중앙데일리

Dokdo debate exploding on Web

Other media also involved in dispute with Japan

July 18,2008
Sixth graders at Sinam Elementary School in Seoul draw posters in a class on the Dokdo islets to counter Japan’s claim to the rocky outcrops in the sea between the two neighboring countries. By Kang Jung-hyun

The territorial feud between South Korea and Japan over the Dokdo islets is developing into a war of words on the Internet and other media.

A growing number of Koreans are set to press major Web sites around the world to state that the rocky islets on the East Sea are Korean territory.

They are even raising funds to run advertisements in influential newspapers overseas to promote their cause.

VANK, a civic group with more than 15,000 members here and abroad, has been working hard to correct and promote historical facts about Korea on the Internet, textbooks in foreign countries and other publications and media.

A screen capture on Wikipedia: “Liancourt Rocks” comes up when Web users search Dokdo. [YONHAP]
Established in 1999, VANK has been playing a key role in promoting the view that the sea between Korea’s east coast and Japan is properly named the East Sea, not the Sea of Japan, as named in many foreign publications, textbooks and Web sites.

“We are monitoring well-known Web sites like Wikipedia.com, CIA World Factbook, Encyclopedia.com and other Web dictionary sites, and our members living overseas also let us know if there is anything to be corrected in publications or school textbooks in foreign countries,” said Lim Hyeon-suk, a researcher for VANK.

Currently the group is monitoring hundreds of Web sites of foreign universities, international organizations, media outlets, Internet search engines, Web portals, government bodies, intelligence agencies, research centers and even airline companies. Major monitoring targets include official Web sites of the United Nations, foreign ministries of each country, the U.S. Library of Congress, Yahoo and even ESPN and TV Guide.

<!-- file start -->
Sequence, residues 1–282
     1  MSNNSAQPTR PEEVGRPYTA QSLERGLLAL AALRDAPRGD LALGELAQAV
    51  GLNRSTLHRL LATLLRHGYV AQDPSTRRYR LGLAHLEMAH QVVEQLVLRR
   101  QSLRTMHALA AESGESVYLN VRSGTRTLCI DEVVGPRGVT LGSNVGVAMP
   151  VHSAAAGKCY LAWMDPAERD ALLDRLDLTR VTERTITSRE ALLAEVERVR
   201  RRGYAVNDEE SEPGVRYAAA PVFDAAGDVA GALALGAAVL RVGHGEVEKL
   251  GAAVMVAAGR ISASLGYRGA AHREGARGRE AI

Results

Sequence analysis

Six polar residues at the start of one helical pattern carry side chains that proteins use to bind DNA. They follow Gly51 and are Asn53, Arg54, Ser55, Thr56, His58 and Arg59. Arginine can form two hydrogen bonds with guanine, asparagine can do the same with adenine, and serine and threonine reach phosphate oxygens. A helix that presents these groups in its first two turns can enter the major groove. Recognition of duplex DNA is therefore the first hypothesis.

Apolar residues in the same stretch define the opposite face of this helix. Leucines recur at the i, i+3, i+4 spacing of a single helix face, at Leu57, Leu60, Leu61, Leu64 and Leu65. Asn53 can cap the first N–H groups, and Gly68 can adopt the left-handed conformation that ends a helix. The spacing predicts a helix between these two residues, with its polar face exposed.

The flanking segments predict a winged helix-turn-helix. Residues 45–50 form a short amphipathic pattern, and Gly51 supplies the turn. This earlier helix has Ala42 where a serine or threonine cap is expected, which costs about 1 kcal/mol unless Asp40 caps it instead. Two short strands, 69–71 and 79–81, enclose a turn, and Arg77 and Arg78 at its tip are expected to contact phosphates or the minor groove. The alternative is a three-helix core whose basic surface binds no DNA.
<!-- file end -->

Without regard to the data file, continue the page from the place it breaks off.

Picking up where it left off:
Lim expressed concern over the changing landscape of the Internet that increasingly raises questions on sovereignty over Dokdo. Lim said one such indication is the use of Liancourt Rocks, a name to identify Dokdo from the name of the French whaling ship whose crew were the first Europeans to chart the islets in 1849.

“When we Googled ‘Liancourt Rocks’ in 2005, only 25,000 results came up, but now more than 41,000 results pop up, and the number of Web pages that state Dokdo and Takeshima together increased from some 2,000 in 2005 to more than 81,000 as of now,” Lim said.

“More and more people on the Web have questions on territorial sovereignty over Dokdo … and we see that Japan has worked really hard to stir up the debate.”

Lim said VANK also plans to create a handbook that explains facts and Korea’s views on territorial disputes on Dokdo and the East Sea in foreign languages, including Japanese, and to distribute the copies overseas.

Kim Ha-na, a 32-year-old Korean studies librarian at the University of Toronto, recently issued an official complaint to the U.S. Library of Congress when she learned that Dokdo may lose its original name listed in the library’s subject headings.